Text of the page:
In late September 2020, the pledge agreement between PMI and the Foundation was altered in a way that increases the opportunity for tobacco company involvement. The original agreement avowed the Foundation would be free from the “influence, whether direct or indirect, from or by: (a) Pledgor [PMI] or any of its affiliates, employees or agents.” In contrast, the updated agreement indicates the Foundation will be free from the “improper influence” [emphasis added] from these same parties.  A new subsection added:  “Nothing in this Section or elsewhere in this Pledge Agreement or Foundation’s Bylaws shall be interpreted to prohibit the Foundation from exchanging information or interacting with any third-party, including but not limited to the Pledgor [PMI], or other donors, in order to advance the Foundation’s Purpose.” 

This updated agreement makes clear the Foundation is not independent. This lack of independence is supported further by other evidence including the apparent synchronisation of the Foundation and PMI’s lobbying activities. [9]  

Now a lawsuit from a former employee alleges the Foundation is coordinating with the industry and “engaging in activities designed to increase the profits of and do the bidding of … the tobacco industry, namely Philip Morris International… and its former parent company, Altria Group, Inc.” Court documents also allege that the Foundation performs a PR role for the tobacco industry by promoting youth vaping. These allegations are consistent with existing evidence; the Foundation’s 2019 tax return revealed it spent almost one third of its $80 million budget on salaries, PR and legal fees. Of the grants it did make, many were for PR or advocacy, rather than scientific research. [10]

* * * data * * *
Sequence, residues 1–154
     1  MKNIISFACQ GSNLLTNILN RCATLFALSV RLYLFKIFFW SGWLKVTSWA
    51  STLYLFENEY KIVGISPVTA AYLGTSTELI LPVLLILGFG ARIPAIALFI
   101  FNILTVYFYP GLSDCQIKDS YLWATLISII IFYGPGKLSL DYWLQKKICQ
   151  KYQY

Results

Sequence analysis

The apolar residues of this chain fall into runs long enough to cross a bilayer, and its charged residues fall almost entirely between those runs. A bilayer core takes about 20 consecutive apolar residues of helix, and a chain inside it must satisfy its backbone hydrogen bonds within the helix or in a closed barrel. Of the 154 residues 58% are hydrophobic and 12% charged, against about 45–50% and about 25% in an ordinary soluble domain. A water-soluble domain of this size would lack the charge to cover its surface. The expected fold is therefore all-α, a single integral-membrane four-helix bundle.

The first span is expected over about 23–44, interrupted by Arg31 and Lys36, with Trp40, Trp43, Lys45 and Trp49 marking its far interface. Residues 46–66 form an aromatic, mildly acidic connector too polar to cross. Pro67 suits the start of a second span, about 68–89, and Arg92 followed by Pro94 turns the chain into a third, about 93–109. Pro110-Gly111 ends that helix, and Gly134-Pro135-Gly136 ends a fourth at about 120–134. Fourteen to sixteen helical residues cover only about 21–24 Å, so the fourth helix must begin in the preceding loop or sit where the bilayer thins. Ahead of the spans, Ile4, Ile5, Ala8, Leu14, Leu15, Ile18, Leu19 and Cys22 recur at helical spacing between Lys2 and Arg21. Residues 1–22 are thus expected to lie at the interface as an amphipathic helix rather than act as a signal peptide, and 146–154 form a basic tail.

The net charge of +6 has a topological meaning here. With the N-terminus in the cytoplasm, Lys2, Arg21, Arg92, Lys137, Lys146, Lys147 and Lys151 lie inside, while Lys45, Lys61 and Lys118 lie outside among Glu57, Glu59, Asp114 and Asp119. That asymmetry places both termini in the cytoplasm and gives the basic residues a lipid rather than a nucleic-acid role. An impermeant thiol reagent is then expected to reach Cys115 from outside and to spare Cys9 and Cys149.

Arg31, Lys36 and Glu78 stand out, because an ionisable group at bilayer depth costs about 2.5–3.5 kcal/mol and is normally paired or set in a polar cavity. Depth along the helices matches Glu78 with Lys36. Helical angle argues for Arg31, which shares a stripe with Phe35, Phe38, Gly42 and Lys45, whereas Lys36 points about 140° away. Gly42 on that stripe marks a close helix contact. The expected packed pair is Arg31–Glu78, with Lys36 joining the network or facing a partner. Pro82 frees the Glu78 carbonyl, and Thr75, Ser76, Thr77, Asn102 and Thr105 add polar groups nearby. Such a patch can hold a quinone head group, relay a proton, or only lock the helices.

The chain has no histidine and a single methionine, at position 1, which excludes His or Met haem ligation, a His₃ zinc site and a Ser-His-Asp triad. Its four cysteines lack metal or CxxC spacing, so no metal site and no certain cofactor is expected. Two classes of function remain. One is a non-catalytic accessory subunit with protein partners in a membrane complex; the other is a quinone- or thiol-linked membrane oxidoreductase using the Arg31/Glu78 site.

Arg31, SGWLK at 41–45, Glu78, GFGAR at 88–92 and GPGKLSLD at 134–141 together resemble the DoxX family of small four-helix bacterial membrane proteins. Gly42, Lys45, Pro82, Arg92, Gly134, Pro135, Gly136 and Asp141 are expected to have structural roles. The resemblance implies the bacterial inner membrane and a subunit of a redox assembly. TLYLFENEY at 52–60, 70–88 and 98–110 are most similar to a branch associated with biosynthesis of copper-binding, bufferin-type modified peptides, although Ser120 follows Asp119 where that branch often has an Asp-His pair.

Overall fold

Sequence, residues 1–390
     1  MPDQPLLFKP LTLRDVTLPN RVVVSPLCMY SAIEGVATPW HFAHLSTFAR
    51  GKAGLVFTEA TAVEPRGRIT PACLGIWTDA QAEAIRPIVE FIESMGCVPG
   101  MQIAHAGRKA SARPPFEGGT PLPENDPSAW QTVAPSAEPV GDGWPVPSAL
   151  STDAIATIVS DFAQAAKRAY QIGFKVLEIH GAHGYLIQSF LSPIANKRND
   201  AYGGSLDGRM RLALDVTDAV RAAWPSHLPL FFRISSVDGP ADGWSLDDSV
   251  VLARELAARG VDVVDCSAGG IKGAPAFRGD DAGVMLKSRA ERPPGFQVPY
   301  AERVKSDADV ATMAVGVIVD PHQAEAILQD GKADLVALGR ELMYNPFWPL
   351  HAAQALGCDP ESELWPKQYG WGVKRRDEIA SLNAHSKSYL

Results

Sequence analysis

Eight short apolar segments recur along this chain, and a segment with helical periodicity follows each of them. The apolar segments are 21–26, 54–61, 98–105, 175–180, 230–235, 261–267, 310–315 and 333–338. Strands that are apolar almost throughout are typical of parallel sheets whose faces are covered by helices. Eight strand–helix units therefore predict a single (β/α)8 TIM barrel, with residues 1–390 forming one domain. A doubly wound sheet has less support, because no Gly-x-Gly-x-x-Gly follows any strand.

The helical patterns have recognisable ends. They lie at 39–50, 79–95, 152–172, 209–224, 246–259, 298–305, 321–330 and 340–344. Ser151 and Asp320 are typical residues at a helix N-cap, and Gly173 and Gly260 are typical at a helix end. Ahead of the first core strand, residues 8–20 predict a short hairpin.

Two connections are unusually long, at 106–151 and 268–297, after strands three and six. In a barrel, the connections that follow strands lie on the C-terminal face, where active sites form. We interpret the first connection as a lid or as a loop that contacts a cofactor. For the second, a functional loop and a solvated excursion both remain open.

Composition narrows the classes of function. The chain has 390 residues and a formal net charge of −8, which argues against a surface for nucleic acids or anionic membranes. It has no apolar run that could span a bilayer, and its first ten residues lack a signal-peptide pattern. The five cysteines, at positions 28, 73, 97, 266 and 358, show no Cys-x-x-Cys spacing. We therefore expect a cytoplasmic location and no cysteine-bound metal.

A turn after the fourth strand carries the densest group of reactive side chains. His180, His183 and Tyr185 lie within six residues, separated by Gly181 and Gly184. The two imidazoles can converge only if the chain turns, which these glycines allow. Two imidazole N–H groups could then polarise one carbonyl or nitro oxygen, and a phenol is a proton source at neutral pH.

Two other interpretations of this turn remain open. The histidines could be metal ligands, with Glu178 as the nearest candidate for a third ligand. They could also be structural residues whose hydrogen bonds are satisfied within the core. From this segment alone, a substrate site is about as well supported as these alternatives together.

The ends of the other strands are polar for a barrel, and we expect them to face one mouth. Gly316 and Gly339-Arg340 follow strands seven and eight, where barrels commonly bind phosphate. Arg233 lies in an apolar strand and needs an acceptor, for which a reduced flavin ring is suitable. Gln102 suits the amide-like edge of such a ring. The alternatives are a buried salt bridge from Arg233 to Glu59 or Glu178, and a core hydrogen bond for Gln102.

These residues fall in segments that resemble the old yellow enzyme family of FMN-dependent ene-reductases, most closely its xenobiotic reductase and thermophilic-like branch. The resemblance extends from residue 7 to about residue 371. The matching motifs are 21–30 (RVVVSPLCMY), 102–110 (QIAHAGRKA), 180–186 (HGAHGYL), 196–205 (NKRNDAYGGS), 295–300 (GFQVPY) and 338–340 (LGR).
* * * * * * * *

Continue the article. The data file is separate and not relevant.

In response to these allegations, the Foundation filed a motion to dismiss on 5 May 2021. The Foundation alleges that the Plaintiff failed to state a viable claim under any of the laws she has relied on in her complaint. The case was settled out of court on 25 June 2021. 

Allegations in the lawsuit add to the other evidence that the Foundation does not meet the Cohen et al. criteria, including the recent changes to the Foundation’s constitutive documents. Thus, the Foundation still does not represent a tobacco industry-supported funding model that should be acceptable to the research community.

While we cannot stop a tobacco company from setting up a foundation, we can choose not to enable it. The scientific and public health communities should reject funding from and any relationship with the Foundation for a Smoke-Free World. The evidence summarized above serves as an unambiguous call to join the hundreds of others who already have rejected PMI’s  Foundation. [11] Not doing so opens the door for complicity with the tobacco industry and the suffering it perpetrates.